FANY

fany

You’ve heard the old saying that women are terrible drivers. I happen to be a wonderful driver (Sorta. When I’m in the mood to be and the other cars around me aren’t being idiots), so I got to thinking why people say this and came up with a few theories: changing the radio, screaming kids in the back seat, makeup application, bad with directions, and perhaps too feeble minded to handle controlling such a powerful machine. Do you think this is true? Don’t let a FANY hear you or see you nodding in agreement. She’ll probably run you over then back up and do it again.

The First Aid Nursing Yeomanry, or FANY, was an all-female British unit that formed in 1907 as fany horsea first aid link between the field hospitals and front lines. Titled Yeomanry because they first rode horseback out among the spraying bullets, they soon adopted the motorized auto to plow through no man’s land with their wounded safely covered instead of slung over the back of a horse. Not a job for the faint of heart. And pretty prestigious when your ride is a supped up Rolls Royce. Because FANYs weren’t part of the army or the Red Cross, they often used donated private cars for their transport. The rear seats were ripped out and an ambulance box was plopped on top of the Rolls Royce/Renault/Model-T chassis and voila! One expensive stretcher to bounce over war torn France and Belgium.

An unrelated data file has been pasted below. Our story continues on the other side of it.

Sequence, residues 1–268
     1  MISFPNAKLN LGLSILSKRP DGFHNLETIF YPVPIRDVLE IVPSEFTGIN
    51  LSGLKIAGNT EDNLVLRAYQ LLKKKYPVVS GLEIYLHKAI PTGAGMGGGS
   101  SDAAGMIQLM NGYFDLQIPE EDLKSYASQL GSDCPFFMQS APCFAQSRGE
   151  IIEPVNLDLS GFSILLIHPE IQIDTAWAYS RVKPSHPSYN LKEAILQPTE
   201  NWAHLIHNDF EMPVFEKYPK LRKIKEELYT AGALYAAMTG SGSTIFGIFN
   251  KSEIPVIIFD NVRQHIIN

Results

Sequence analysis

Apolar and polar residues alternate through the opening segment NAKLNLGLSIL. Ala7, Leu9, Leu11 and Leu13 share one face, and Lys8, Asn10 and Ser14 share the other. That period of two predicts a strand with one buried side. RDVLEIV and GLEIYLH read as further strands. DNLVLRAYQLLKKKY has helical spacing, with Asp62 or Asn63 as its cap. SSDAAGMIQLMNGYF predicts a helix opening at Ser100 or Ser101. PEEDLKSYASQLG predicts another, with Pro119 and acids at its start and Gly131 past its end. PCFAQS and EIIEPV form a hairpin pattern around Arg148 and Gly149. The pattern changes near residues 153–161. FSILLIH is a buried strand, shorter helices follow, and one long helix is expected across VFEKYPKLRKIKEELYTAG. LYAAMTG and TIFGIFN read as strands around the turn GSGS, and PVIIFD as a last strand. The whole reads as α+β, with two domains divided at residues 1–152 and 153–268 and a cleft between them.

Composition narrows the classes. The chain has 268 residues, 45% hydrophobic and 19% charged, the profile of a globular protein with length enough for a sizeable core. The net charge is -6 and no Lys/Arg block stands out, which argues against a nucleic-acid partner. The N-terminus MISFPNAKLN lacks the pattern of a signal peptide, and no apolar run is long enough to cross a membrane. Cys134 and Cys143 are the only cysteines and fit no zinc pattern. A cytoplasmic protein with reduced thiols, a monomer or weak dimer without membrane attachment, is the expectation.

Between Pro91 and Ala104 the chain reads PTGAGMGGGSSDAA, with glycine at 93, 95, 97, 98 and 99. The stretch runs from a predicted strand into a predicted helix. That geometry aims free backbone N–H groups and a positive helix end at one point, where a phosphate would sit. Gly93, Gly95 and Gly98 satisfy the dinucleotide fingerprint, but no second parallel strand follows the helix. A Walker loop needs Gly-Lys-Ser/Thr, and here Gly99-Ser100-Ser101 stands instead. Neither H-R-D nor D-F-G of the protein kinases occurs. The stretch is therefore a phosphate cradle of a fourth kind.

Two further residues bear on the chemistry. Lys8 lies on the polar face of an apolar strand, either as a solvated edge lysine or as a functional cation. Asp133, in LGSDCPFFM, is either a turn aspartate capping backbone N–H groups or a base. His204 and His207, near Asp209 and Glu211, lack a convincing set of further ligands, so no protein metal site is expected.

WW I First Aid Nursing Yeomanry Ambulance DriverIn addition to transporting wounded, the FANY set up hospitals, ran soup canteens, cinemas, took food and clothing (when available) to the front lines, and carted around mobile bath units nicknamed ‘James’ for those smelly soldiers. The water may not always have been fresh, but at least it was warm with the aid of the motor’s engine.

Thinking of joining these feisty women? Here’s a few regulations you’ll need to pass first: over 23 years old, get interviewed in London at FANY HQ, last through a four month probation, pay for your own uniform, and eventually take a driver’s test. I personally think you should be given a gold star on your license if you’ve bumped and jutted over ruts and ditches with enemy shells trying to take you out every mile of the way.